The affair was classic Gray. A pol pondering a citywide race has reasons to publicly shun Barry—and some reasons to embrace him, too. But Gray initially didn’t break one way or the other. He farmed the case out to a respected attorney for a full report.
After the damning results were in, Barry appealed to the chairman’s sense of fairness. “I’m sure, Mr. Chairman, you don’t want your legacy to be that you punished Marion Barry on the words of one person,” Barry said during the proceedings. “You don’t want to be known as the person who took Mr. Barry’s due process away from him. You’re too great a person… I know you better than that. I love you. You’re my friend.”
Gray, though, wasn’t having any of it. The censure went through. And he could credibly say it happened because the process demanded it.
Fenty supporters who’ve been spooked by the Gray campaign’s strength like to take solace in history. Four years ago, their candidate was also up against a well-liked, scandal-free grown-up of a candidate supported by much of the local political establishment. And, in the race of process-savvy consensus-builder versus idea-spouting newcomer, Fenty solidly defeated Council Chairman Linda Cropp.
On the other hand, Gray had his own race four years ago. Running for chairman against Ward 3 Councilmember Kathy Patterson, a darling of D.C.’s good-government crowd, he started out being dismissed as a courtly but doomed Pratt-era retread. By election day, he’d thoroughly outcampaigned Patterson, taking 57 percent of the vote.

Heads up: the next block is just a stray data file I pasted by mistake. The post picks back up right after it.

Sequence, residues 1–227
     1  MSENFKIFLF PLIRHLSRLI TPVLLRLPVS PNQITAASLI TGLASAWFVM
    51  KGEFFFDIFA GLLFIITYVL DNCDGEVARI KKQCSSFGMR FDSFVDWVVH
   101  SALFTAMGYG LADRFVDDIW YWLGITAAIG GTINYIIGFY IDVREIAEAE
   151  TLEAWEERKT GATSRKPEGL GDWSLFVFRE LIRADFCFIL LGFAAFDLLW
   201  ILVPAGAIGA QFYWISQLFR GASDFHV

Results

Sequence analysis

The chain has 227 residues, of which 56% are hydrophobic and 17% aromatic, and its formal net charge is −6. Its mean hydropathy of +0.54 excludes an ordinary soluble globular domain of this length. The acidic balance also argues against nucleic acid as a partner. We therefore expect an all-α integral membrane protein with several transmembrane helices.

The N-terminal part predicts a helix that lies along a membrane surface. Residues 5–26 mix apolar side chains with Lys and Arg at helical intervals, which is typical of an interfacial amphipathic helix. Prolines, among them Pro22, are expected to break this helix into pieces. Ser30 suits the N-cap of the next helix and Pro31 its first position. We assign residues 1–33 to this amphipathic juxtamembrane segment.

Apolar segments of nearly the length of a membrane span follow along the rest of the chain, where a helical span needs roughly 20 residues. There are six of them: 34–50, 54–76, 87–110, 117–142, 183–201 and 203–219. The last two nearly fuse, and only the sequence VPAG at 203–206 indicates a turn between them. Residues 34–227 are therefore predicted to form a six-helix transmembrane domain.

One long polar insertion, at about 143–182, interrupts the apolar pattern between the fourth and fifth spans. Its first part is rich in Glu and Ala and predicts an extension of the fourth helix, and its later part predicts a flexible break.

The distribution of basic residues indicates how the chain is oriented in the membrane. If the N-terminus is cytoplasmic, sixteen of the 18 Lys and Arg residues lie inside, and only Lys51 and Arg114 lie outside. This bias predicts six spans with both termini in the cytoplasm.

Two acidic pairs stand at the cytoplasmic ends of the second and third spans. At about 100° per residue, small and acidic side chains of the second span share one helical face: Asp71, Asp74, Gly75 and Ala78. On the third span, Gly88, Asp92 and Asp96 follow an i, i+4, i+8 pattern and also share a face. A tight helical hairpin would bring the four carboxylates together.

But what kind of mayor will be created by the 2010 campaign, with its relentless focus on process and style? Catania, who is steering clear of any mayoral endorsement, worries that Fenty and Gray have avoided the city’s major fiscal and socioeconomic problems. “This ain’t third grade and we aren’t picking a class president,” he laments.
In the worst-case scenario, the political lesson of a Fenty defeat would be that mayors dare not alienate the status quo’s powers-that-be—the councilmembers seeking free baseball tickets, the unionized teachers who fail performance tests, the bureaucrats who demand to be treated like favored children even after years of lousy performance. Better to hide behind process, and be polite to one and all.
If you’re inclined to read the campaign this way, Gray’s endless focus on process leads inevitably to bad government. Sometimes, after all, cities need to be shaken up, and to Gray’s critics, they need leaders who care more about the end product—the outcome—than they do about how you get there. The knock on Fenty is that his administration empowers individual stars like Rhee to evade scrutiny. The danger with Gray’s approach, on the other hand, would be the elevation of process over policy; as long as the right rules and regulations were followed, it wouldn’t matter what the end result was.
But Catania also thinks a Mayor Gray wouldn’t necessarily limit himself to the watchdogging, process role embraced by Chairman Gray. “I see Mayor Fenty as a gas pedal… Our chairman is a brake…. Their personalities fit those roles perfectly,” Catania says. And if their roles change? “I believe Vince can be that accelerator.”